Ministers ban Viagra on NHS

DOCTORS will not be allowed to prescribe Viagra, the "wonderdrug" hailed as a cure for impotence, on the NHS. Ministers fear that the cost of meeting the potential demand would spiral out of control.

The ruling will be announced as soon as Viagra gets its licence, probably on Wednesday, in an attempt to head off a rush for prescriptions.

Frank Dobson, the Health Secretary, believes that some people - described by Government sources as the "deserving impotent" - should eventually be able to get Viagra on the NHS, but ministers want to ensure that only those with a genuine medical problem receive the pills. They are determined that the state should not subsidise the drug's use for "recreational" purposes.

Doctors have warned that Viagra, manufactured by pharmaceuticals giant Pfizer, could be widely abused and add as much as pounds 1.25bn to the NHS bill - a quarter of the total drugs budget. There are also concerns about safety. But patients will still be able to purchase the drug, which costs about pounds 6 a tablet via private prescriptions.

About one in 10 British men suffers from impotence. With 25,000 Viagra prescriptions a day being written in the US, some doctors have warned that up to 5,000 people a day could demand the drug once it is licensed in the UK. "We will announce the ban as soon as the licence is granted," a Department of Health source said. "We don't want people battering down the doors."

The ban will be a "holding position" while the department considers its longer-term view. A decision on the final status of the drug is likely to be taken by Christmas.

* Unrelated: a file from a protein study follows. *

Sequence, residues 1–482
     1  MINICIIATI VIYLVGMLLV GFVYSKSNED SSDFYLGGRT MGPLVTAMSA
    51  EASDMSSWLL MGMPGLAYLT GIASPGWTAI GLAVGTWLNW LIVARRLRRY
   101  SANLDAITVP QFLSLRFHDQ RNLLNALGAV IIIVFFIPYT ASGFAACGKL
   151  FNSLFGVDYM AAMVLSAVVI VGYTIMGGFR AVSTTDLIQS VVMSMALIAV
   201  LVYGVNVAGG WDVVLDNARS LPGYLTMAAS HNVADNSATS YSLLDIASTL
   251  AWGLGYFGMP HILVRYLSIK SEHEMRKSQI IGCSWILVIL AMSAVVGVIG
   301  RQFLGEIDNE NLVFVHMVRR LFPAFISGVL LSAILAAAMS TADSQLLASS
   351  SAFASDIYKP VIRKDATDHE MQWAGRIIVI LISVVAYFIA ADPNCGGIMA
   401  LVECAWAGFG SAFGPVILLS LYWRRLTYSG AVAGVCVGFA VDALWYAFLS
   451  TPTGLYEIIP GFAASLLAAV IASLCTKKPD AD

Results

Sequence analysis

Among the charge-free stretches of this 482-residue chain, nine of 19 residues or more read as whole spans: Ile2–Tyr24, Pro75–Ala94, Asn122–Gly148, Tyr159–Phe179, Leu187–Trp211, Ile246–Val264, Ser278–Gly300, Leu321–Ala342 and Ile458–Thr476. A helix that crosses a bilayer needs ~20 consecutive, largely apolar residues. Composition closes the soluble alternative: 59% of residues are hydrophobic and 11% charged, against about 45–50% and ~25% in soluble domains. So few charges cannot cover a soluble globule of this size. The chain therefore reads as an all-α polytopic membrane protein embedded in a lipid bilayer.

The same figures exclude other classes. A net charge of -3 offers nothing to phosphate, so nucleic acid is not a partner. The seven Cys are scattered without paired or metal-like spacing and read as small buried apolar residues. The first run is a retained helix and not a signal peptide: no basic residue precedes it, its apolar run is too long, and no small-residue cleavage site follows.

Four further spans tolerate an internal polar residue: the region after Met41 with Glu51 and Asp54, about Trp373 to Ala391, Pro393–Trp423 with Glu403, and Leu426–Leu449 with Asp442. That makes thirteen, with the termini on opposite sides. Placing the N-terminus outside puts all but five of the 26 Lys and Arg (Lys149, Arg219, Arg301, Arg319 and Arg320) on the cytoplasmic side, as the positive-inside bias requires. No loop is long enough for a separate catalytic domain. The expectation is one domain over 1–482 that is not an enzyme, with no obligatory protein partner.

The Department of Health currently has a budget of pounds 10m for treating impotence. Ministers believe that some of this should eventually be allocated for Viagra. The pills would be strictly rationed and tough criteria drawn up for deciding who was eligible to receive it. The guidelines are likely to be similar to those used for allocating fertility treatment. The age, lifestyle, sexuality and health of patients could all be taken into account. Men wanting the drug could also be asked to prove they are in a secure long-term relationship.

The aim is to distinguish those with a real physical need from those who simply want to improve performance. "The dirty old man who wants to carry on with young girls will not be able to get Viagra on the NHS," said a Government source.

Experts say that, used in the right way, Viagra can be cheaper and more effective than existing methods of treatment - but there have also been warnings about the potential health risks. About 12 Viagra users in the US have died from heart problems possibly linked to taking blood pressure medicines at the same time.

It is also likely that GPs will eventually be given the power to prescribe the drug to "suitable" patients, to avoid hospital consultants being overwhelmed.

The prescription of the drug will be carefully monitored. At least one British doctor has already been criticised for selling the unlicensed drug for pounds 95 a tablet.

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